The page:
“I’m so excited about all of our companies. But one is older, meaning more mature, and we’ve been invested for longer. Kasha is Africa’s leading femtech business its a company based out of Kenya and Rwanda, which provides confidential de-stigmatized access to women’s health for women of all income levels. That’s not just contraceptives and feminine sanitation. It’s also then soaps, lotions and candles and all the fun stuff that women want as well. So its has really been creative about the company’s branding to be able to meet that market. The company though also employs a largely female workforce, to sell these products. So it has the ability to think beyond just shareholders and customers and really thinking about their employees. And they have really innovated around how to work with the other stakeholders like the government or the community in order to continue to destigmatize women’s health to make women’s health more of a topic that I think is more recognized as real tangible and needs to be addressed,” she says.

The Covid-19 pandemic has shocked many healthcare systems and economies, and crippled developing economies. Businesses have had to change and innovate in how they do business. Yazhari says she thinks most companies in the continent are “incredible” and resilient with an ability to navigate changing environment.

“But where we really helped them as they get through restructuring, because a couple of companies, you know, had debt or other other kind of types of funding that needed to be restructured or kind of other things that they needed to work on that were related to maybe not having the same level of revenue in their business or not being able to raise the same amount of capital that they had expected pre-pandemic. And so we put together a restructuring playbook for our portfolio companies to provide them with access to the best techniques of the restructuring industry globally and to employ them at their business.”

Regarding which strategy her organisation has used to reach a wider audience regarding impact investing, Yazhari says: “We like to speak to a wider audience, we host women and impact gatherings, which we do for the continents timezone. As well as some European participants. I was a speaker and put together a panel on bridging the gap between founders and investors last year. I’m always happy to be a resource on a speaker around what’s working in our portfolio, and what’s not. We are also working on innovating more systematic ways of measuring gender impact in our portfolio. Last thing, one way we’re also push pushing the envelope is we are giving away the profit share in our fund to every founder in our portfolio, and we are making them owners and we are making them a part of a community to know that we’re all in this together.”

The biggest barrier to seed-stage investment in African nations that her organisation invests in has been access to the right capital.

“I would say specifically in Africa, in India, there’s a lot more velocity of capital, there’s a lot more early stage funding available. And I would say that access to the right capital. I don’t believe that a company should be taking in concessionary funding early on, I think it distorts the marketplace and perpetuates the problem of thinking of Africa as a place that can only thrive with philanthropy. That is something I’m really passionate about changing viewpoints on because we have incredible businesses in our portfolio, that are doing really well financially and having a very strong impact. Our first fun portfolio has to exit at top quartile venture returns, but we’re also reaching 20 million people, including 14 million women.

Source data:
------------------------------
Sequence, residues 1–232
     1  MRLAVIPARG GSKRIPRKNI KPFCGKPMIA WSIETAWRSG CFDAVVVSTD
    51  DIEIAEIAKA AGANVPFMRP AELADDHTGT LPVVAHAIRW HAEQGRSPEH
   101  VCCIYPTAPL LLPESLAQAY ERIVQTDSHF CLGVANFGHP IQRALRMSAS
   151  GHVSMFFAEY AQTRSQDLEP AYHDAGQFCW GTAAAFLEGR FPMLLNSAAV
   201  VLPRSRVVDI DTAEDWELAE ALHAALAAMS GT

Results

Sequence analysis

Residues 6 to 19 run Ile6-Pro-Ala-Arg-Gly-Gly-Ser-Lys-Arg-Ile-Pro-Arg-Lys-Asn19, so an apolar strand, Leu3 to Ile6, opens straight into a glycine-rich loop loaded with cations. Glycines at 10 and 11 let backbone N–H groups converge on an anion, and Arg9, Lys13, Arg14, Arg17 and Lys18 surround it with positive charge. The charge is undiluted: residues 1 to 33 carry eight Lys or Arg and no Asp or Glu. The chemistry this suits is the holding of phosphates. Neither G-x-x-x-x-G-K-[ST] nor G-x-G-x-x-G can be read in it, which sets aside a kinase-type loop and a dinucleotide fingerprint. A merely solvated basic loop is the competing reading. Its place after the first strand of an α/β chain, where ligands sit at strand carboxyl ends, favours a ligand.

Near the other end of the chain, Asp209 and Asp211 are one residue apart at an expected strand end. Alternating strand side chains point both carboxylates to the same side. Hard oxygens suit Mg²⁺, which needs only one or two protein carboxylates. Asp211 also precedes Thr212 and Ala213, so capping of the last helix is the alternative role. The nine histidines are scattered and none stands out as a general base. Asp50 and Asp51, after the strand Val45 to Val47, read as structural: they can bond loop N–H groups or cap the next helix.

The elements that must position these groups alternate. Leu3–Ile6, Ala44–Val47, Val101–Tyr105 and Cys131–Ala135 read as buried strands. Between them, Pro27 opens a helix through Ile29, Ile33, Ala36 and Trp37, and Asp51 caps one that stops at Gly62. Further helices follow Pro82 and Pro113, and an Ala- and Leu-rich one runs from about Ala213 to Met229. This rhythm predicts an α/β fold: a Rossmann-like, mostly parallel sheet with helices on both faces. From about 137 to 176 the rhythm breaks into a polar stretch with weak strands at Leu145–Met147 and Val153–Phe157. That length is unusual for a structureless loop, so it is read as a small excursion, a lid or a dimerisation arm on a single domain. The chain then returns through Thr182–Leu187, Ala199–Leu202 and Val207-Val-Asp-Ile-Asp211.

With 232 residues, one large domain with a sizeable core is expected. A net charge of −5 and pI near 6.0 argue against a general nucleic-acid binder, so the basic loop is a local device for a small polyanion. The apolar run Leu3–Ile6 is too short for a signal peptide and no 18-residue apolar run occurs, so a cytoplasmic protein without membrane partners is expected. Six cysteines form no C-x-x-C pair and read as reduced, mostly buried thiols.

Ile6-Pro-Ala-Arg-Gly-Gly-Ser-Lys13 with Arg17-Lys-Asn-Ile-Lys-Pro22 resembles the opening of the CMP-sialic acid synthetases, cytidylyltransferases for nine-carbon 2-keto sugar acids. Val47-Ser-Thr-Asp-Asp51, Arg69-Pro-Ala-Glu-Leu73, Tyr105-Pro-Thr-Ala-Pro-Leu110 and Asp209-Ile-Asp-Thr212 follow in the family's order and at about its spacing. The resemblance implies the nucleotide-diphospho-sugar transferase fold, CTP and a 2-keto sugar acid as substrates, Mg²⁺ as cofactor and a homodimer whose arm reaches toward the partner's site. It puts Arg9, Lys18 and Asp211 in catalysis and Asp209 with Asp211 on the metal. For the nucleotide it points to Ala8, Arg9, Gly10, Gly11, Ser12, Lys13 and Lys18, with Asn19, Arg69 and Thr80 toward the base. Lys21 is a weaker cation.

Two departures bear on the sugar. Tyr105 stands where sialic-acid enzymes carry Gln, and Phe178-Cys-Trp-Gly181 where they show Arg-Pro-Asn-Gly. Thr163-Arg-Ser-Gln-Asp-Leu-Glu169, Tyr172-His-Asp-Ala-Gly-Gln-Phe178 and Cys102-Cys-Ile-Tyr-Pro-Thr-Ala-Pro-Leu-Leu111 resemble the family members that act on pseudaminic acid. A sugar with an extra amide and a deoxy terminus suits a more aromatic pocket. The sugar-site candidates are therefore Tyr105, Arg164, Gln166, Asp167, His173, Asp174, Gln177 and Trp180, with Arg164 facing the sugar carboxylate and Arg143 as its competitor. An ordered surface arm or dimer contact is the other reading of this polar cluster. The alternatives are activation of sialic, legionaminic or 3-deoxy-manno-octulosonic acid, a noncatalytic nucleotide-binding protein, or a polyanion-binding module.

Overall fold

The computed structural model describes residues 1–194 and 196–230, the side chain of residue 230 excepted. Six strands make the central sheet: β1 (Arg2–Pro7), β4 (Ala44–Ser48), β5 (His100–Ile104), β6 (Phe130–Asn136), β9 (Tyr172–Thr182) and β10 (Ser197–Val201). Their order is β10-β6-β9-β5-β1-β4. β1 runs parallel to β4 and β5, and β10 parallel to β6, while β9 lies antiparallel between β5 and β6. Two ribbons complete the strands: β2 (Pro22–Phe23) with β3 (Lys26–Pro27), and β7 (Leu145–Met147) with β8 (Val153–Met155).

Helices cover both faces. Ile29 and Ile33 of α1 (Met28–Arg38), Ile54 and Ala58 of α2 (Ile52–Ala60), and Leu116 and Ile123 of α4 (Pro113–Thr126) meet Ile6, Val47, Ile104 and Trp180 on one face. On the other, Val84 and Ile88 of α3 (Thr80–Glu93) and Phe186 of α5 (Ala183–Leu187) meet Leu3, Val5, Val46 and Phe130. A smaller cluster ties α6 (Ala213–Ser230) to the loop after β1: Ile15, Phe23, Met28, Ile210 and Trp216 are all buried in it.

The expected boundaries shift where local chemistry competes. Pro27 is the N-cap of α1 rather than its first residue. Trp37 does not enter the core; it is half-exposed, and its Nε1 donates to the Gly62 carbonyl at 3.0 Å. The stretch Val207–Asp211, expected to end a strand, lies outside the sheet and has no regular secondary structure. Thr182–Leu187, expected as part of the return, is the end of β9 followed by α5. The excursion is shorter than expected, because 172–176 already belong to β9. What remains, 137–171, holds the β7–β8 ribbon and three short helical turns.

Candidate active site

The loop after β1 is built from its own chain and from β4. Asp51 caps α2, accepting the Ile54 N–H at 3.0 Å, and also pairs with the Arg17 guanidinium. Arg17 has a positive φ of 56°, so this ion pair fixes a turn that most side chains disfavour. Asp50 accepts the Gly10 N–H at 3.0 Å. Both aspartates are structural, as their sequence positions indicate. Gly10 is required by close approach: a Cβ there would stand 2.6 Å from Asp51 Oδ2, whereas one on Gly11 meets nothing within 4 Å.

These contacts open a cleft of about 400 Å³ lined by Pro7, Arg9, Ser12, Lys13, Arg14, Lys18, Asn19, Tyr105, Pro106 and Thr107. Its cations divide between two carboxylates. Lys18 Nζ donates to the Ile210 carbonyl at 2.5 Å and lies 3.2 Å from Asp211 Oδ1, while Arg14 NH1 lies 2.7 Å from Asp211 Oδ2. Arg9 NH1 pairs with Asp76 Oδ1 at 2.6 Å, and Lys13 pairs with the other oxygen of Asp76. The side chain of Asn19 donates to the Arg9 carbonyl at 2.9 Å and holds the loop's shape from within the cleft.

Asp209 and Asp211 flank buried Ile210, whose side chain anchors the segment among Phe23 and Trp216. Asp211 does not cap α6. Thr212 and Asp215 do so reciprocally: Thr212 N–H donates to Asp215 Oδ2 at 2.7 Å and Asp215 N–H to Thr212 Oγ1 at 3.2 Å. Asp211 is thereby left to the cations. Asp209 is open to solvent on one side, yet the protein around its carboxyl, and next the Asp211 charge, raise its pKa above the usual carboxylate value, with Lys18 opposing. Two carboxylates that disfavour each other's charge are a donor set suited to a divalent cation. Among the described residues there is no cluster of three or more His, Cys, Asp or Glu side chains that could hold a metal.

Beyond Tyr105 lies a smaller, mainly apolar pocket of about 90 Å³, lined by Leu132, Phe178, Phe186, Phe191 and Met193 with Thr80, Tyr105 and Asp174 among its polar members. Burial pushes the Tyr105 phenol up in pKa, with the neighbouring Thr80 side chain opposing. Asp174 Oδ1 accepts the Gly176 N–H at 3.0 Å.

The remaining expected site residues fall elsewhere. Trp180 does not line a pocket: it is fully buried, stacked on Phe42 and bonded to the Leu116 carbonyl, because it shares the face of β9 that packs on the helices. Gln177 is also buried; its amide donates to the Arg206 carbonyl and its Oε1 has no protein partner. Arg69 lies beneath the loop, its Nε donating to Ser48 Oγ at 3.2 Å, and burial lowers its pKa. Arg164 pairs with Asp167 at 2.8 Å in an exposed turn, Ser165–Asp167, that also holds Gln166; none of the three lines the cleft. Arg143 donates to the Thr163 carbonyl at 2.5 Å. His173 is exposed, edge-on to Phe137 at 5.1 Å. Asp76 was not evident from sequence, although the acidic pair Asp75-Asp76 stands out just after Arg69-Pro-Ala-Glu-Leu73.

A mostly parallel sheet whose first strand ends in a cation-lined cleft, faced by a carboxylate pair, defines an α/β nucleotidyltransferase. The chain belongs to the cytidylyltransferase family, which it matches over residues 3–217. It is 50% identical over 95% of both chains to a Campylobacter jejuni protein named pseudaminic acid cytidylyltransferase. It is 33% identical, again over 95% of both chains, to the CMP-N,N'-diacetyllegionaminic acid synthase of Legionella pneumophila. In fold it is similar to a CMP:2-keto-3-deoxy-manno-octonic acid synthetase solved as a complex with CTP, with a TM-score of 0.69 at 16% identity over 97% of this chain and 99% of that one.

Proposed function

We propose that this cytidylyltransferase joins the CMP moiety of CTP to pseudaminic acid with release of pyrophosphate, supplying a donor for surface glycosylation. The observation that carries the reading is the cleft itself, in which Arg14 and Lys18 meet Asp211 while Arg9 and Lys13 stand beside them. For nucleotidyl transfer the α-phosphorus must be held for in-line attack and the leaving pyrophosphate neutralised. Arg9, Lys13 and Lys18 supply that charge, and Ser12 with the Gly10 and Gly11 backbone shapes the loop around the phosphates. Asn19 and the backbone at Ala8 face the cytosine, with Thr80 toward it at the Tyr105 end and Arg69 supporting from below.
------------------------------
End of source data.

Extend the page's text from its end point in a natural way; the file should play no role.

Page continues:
“And so by rejecting the fact that that is possible, and you know, saying, Oh, I’ll do below market rates, or yeah, I’ll put money into that and form of a grant, I think help really distorts the market and makes it even harder for founders on the continent to find capital. That being said, things are changing really rapidly. So I have a lot of hope. Because I do see a lot more money flowing into the deals that we’re doing. They are becoming more competitive, valuations are higher. And overall, I think that that will translate to a frankly, a healthier investment environment. I think concessionary investing is really unhealthy. So that is one of the biggest barriers is having capital that meets the market. And then the ability for companies to have a true sounding board, or the right advisors and the right talent to be able to grow and scale” she says.

“I wrote the book because I wanted everybody to know that they could also be a conscious investor, it doesn’t mean that you have to be a billionaire, it doesn’t mean that you have to have a large investment portfolio, all it means is that you have to be conscious about all your resources, and line them up with your values, whatever they are. And my goals with the book are that it gets into the hands of more readers. And it’s not just a book for Americans to book for anybody. Yes, there are some recommendations around being a U.S. investor, but it is truly for anybody who wants to think differently about their money, because money is just one form of wealth, happiness, your networks, your voice, your consumer choices, your vote, whatever you are privileged to have in your life is a form of wealth, and we don’t recognize that enough is humanity, and that’s, that’s why we go beyond just money as an investor, because to us, the return on the in the relationship with the founders is as important as the financial and social return that we’re getting. So my goal is that everybody picks up the good your money can do. And let me know their feedback, because I am here for the readers. And I would love to hear what’s resonating with them,”she says.

Yazhari also co-hosts the Beyond Capital Podcast that features conversations from leaders that believe in profit with purpose.

Yazhari is not just a seasoned investor and entrepreneur but an author too, her book titled The Good Your Money Can Do walks through how to become a conscious investor.